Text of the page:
“Summer of 1938: A scandalous love triangle and a famous hurricane converge in a New England beach community. Add in a betrayal between friends, a marriage for money, and a Yankee pitcher, and it’s a perfect storm.” —Good Housekeeping

I finished this novel as summer came to an unofficial end over Labor Day weekend, a time that usually makes me a little sad. Summer is my favorite time of the year, and I always dread as we move into fall, only because I know what lies behind for us Northeast Ohioans — the fury of winter.

It’s always fun to explore different time periods and social classes, and I began to think about the concept of ‘summering.’

Does your family ‘summer?’

Or do you have a tradition of taking vacations together?

What is your favorite summer or vacation memory?

What’s your favorite season?

 

p.s. Summer doesn’t officially end until September 22nd, so you still have time for a good beach read!

If only life was a never-ending summer…

Wishing I was a socialite,
Jaime

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Blink: The Power of Snap Decisions & First Impressions

“On straightforward choices, deliberate analysis is best. When questions of analysis and personal choice start to get complicated — when we have to juggle many different variables — then our unconscious thought processes may be superior.” –Malcolm Gladwell

Do you agree? Or do you think the opposite is true?

This quote is pulled from Blink, by Malcolm Gladwell, a book that takes you deep into the unconscious and explores the power of thinking without thinking (i.e. thin-slicing, snap decisions and first impressions). It’s amazing how powerful (and correct) our snap judgments can be although it is easy for them to become flawed by a number of factors. As Gladwell notes, “From experience, we gain a powerful gift, the ability to act instinctively, in the moment. But… it is easy to disrupt this gift.”

blink_malcolmgladwell

Discover example after example of people using thin-slicing to make impressive quick decisions in the face of pressure, and learn how we can practice these abilities to improve them, just like anything else.

What’s remarkable to me is the wide range of people, places and events represented in this book — inner city detectives, Civil War generals, marriage counselors, musicians who defy genre. I love psychology and learning about the powers of the mind, but even if you don’t, this book can help you in your life and career by helping you make better decisions.

At the end of this intriguing read, Gladwell leaves us with this final thought.

“This is the real lesson of Blink: It is not enough simply to explore the hidden recesses of our unconscious. Once we know about how the mind works — and about the strengths and weaknesses of human judgment — it is our responsibility to act.”

Have you read this book? What did you think?

What other books would you highly recommend?

Blink cover courtesy of Gladwell.com

Your favorite bookworm,
Jaime

Don’t blink! Join the conversation…
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Eat: An Experience, Not An Obsession or Afterthought

We’ve been conditioned for years to treat food as the enemy. There are so many delicious, savory foods out there that we can’t have. Cake. Cookies. Lasagna. French Fries. Hamburgers. The more we tell ourselves that we can’t have these foods, the more we want them.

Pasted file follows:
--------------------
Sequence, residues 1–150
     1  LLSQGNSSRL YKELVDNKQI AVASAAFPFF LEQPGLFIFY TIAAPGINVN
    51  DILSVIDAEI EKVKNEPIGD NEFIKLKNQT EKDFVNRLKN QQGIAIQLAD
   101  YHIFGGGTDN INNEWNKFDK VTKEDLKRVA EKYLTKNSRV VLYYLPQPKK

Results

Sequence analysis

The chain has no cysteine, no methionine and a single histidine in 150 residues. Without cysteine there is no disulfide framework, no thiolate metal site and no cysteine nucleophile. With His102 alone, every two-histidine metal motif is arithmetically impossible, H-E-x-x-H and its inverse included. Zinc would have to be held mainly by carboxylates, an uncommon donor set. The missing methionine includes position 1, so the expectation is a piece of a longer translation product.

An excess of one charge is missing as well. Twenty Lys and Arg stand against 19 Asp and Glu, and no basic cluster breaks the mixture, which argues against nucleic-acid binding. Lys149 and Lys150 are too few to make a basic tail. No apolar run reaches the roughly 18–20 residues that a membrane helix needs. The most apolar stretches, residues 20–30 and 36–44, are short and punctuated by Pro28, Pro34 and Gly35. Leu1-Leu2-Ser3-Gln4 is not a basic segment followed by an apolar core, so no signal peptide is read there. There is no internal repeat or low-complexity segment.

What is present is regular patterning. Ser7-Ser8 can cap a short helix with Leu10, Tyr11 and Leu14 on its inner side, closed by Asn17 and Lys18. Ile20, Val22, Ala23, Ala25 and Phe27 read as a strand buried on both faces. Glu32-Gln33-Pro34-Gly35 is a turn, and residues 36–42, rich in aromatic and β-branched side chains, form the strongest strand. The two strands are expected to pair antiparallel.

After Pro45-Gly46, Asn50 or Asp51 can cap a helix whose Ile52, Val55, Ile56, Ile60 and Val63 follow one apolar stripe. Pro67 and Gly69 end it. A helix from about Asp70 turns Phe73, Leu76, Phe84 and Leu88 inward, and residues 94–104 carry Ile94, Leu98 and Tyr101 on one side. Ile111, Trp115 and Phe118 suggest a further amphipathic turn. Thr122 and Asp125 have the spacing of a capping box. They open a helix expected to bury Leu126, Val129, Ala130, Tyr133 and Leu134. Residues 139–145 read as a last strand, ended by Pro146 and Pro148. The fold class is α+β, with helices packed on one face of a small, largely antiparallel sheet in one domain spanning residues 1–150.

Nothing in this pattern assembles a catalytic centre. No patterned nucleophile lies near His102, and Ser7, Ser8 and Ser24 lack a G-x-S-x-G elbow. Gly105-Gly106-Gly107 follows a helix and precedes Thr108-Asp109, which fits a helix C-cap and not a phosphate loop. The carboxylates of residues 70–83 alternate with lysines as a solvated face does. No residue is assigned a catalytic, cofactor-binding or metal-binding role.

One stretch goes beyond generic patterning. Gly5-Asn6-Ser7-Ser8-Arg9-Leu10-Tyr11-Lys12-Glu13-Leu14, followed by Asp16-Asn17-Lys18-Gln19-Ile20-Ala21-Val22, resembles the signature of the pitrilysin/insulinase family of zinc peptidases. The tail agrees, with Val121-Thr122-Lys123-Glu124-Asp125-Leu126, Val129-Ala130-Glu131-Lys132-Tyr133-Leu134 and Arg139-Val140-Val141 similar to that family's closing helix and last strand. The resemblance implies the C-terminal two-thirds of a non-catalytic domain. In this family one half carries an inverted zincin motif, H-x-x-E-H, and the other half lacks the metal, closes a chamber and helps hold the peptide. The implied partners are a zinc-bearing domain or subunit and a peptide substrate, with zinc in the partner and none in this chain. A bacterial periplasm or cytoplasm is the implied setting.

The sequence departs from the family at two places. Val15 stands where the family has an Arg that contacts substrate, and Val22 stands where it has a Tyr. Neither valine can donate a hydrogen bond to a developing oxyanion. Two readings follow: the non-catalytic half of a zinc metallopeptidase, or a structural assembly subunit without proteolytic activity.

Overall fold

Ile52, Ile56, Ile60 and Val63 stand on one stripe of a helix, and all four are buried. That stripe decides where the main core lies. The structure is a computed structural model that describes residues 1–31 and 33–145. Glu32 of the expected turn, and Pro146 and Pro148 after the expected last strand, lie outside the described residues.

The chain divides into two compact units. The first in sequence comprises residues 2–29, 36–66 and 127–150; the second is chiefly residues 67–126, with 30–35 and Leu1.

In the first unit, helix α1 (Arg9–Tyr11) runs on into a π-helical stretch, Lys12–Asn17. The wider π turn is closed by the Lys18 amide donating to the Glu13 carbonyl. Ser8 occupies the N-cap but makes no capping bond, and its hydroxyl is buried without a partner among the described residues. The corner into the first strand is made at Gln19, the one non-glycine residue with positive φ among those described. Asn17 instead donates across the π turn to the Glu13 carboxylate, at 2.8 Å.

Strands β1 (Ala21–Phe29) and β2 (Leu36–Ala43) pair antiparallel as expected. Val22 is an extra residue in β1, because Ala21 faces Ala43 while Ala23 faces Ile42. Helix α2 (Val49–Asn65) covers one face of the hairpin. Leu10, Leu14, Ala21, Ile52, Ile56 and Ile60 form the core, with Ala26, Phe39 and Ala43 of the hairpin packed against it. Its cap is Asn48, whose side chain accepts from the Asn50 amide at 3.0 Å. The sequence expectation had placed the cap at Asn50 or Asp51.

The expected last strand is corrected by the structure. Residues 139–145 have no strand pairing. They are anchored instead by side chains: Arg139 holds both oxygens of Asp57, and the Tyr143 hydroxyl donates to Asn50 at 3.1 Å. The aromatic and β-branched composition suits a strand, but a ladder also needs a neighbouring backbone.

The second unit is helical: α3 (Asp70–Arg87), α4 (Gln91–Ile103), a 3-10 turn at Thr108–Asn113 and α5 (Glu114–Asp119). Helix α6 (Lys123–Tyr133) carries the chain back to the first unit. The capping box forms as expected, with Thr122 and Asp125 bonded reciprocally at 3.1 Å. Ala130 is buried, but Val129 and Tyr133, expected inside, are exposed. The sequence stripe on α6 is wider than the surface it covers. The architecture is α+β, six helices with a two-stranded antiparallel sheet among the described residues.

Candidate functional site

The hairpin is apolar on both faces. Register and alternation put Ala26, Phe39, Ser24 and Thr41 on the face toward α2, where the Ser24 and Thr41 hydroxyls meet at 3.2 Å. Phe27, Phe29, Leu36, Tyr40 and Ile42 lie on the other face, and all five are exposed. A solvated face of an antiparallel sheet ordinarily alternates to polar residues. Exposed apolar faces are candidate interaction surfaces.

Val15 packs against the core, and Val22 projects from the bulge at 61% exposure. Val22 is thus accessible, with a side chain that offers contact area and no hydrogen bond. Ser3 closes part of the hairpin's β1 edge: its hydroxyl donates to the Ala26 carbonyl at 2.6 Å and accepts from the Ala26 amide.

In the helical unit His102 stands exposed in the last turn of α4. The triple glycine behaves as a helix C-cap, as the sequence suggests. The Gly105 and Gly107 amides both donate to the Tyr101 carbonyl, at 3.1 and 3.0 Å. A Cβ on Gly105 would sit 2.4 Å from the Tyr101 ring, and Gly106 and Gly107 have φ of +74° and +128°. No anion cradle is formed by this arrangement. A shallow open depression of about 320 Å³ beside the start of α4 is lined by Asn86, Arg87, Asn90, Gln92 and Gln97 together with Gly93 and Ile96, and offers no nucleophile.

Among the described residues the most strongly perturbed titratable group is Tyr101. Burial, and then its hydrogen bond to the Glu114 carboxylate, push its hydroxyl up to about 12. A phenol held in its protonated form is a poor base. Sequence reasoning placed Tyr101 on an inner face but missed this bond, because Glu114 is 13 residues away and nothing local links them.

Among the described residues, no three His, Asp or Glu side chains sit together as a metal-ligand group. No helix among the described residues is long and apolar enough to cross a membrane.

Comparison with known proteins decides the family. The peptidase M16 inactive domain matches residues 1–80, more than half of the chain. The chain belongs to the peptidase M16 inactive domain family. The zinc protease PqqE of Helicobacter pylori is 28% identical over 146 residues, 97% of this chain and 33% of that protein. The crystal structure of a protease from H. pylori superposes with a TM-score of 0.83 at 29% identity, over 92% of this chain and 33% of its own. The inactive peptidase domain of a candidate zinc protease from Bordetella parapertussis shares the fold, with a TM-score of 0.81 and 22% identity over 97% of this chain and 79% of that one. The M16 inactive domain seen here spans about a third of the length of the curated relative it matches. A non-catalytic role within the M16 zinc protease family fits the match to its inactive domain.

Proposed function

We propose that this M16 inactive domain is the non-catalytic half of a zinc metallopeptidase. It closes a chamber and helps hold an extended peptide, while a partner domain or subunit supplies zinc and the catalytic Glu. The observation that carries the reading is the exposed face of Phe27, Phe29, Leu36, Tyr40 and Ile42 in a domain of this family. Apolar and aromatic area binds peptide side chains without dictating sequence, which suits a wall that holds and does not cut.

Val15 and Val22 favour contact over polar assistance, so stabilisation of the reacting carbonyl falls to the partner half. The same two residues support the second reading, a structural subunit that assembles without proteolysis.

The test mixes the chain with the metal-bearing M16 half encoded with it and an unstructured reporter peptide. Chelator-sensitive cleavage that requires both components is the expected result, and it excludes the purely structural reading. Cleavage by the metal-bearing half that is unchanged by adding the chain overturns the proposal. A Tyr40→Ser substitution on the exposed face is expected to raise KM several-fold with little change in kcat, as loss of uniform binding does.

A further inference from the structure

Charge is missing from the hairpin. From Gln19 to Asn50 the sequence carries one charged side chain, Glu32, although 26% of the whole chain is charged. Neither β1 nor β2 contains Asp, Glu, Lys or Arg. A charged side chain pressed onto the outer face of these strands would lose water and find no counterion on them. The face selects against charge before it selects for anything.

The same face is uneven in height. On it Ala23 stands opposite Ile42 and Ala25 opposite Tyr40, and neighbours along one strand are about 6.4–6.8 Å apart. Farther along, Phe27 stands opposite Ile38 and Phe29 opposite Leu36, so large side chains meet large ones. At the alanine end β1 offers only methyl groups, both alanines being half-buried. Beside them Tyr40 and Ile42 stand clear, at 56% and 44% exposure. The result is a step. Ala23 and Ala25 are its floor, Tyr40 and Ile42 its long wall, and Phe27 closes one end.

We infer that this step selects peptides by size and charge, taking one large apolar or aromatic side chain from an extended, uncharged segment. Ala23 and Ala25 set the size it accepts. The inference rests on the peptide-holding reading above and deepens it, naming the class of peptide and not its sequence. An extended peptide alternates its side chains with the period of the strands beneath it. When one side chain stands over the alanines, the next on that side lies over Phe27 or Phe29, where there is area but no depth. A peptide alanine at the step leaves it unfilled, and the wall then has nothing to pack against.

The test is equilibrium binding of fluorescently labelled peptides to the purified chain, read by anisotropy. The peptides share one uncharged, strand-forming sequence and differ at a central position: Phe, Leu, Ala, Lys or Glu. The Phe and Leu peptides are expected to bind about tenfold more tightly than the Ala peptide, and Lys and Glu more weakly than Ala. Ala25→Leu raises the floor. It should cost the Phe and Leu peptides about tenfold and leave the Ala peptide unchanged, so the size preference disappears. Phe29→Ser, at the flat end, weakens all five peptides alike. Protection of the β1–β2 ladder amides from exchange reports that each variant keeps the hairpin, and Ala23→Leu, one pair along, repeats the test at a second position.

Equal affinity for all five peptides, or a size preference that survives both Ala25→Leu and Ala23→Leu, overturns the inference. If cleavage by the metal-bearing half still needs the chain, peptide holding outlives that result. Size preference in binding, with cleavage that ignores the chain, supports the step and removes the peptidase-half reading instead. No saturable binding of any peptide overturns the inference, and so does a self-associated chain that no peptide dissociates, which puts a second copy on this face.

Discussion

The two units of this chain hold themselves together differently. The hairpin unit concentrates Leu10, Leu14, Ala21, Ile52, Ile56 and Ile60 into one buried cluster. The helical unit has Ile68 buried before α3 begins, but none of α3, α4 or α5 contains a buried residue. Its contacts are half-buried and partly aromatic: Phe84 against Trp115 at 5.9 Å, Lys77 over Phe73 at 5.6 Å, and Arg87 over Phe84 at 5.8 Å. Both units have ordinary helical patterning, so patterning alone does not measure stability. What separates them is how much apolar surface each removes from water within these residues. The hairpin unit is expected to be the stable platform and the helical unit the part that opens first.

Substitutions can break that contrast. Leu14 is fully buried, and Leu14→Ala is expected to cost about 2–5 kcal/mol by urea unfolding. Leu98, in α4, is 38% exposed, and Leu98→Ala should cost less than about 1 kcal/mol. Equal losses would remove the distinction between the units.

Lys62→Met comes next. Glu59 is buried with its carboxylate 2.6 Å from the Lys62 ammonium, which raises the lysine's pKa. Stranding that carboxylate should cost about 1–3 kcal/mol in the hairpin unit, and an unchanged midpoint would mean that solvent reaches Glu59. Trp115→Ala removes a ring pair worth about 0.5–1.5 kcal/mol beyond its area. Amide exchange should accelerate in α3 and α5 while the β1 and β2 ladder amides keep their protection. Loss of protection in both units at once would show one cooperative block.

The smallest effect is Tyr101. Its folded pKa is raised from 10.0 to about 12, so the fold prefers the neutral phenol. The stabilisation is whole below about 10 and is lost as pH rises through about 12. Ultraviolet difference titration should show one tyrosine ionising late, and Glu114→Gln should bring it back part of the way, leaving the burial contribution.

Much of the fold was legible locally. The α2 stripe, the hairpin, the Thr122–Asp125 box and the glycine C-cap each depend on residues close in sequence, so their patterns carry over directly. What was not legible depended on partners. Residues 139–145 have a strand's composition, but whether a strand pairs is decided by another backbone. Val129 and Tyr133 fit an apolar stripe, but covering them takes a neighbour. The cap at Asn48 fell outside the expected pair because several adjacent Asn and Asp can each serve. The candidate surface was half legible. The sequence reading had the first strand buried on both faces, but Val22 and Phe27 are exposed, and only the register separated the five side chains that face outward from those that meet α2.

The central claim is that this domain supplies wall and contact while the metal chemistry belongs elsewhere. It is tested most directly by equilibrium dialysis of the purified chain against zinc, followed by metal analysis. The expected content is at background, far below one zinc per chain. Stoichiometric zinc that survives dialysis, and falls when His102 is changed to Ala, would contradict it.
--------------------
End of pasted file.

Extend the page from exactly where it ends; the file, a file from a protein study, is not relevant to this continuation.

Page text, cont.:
Relax. I’m not selling you a food system, juicing program or magic weight loss pill that will transform your body overnight. (I’m actually not selling you anything right now.) I want to recommend a book that you should read. Yes, a book about food.

Eat: A Guide to Discovering Your Natural Relationship with Food

Well, it’s not about food exactly. It’s about our relationship with food and how distorted it has become in today’s society. Counting calories, watching our weight, only drinking grapefruit juice for the next 7 days to make up for last night. What?! It sounds crazy, but we used to eat for nourishment and energy.

Linda R. Harper’s Eat is all about returning to your natural relationship with food. Cut out the noise and busyness of modern society to ask yourself, “What kind of eating experience do I want now?” Seriously, stop what you’re doing and think about what you want to eat the next time you’re hungry. Think about where you’d like to eat — outside on a patio, with friends, alone with a good book — and incorporate that into your decision. It may take a little time to truly be able to listen to your body again, but you’ll be surprised what happens when you do.

Your body naturally wants what’s good for you, what you need to survive and thrive in life. Really, it does. It’s just that we’re always in a hurry, darting through a drive-thru on our way to pick up the kids or meet with clients or get to Billy’s soccer match remotely on time that eating has been relegated to an afterthought. We don’t stop to listen to what our body actually wants.

green smoothie

After trying them, I’ve discovered that I love green smoothies!

Initially it may be hard to give up control, which is really what counting calories and diets are about. But you have to trust yourself. Trust that you can listen to your body and hear what it’s asking for (and yes, that may be a doughnut or french fries sometimes).

I’ve been on a journey the past 10 years to a healthier me. No, I haven’t lost 100 pounds or underwent some shocking physical transformation. However, I have lost about 30 pounds and managed to keep it off while changing my eating habits and lifestyle. I’m so much healthier today and love fresh fruits and veges. Yes, I still eat some processed food and will never give up my Italian favs, but I’m healthy across the board. And the best part is that no one is telling me what to eat; I’m making these decisions myself.

So do yourself a favor and read this book. Read part of it or one chapter or however much of it that makes you get back to best self eating. And no, that doesn’t mean only eating vegetables for the rest of your life. OK, I’m heading out for a macchiato right now. Tell me what you think of the book!

Speak Up

How’s your relationship with food?

Does this book sound appealing?

Feel free to chime in with any good green smoothie recipes! I’d be happy to swap.

Let me know your thoughts on this book and other books/documentaries/media that focus on your relationship with food.

Happy Saturday!
Jaime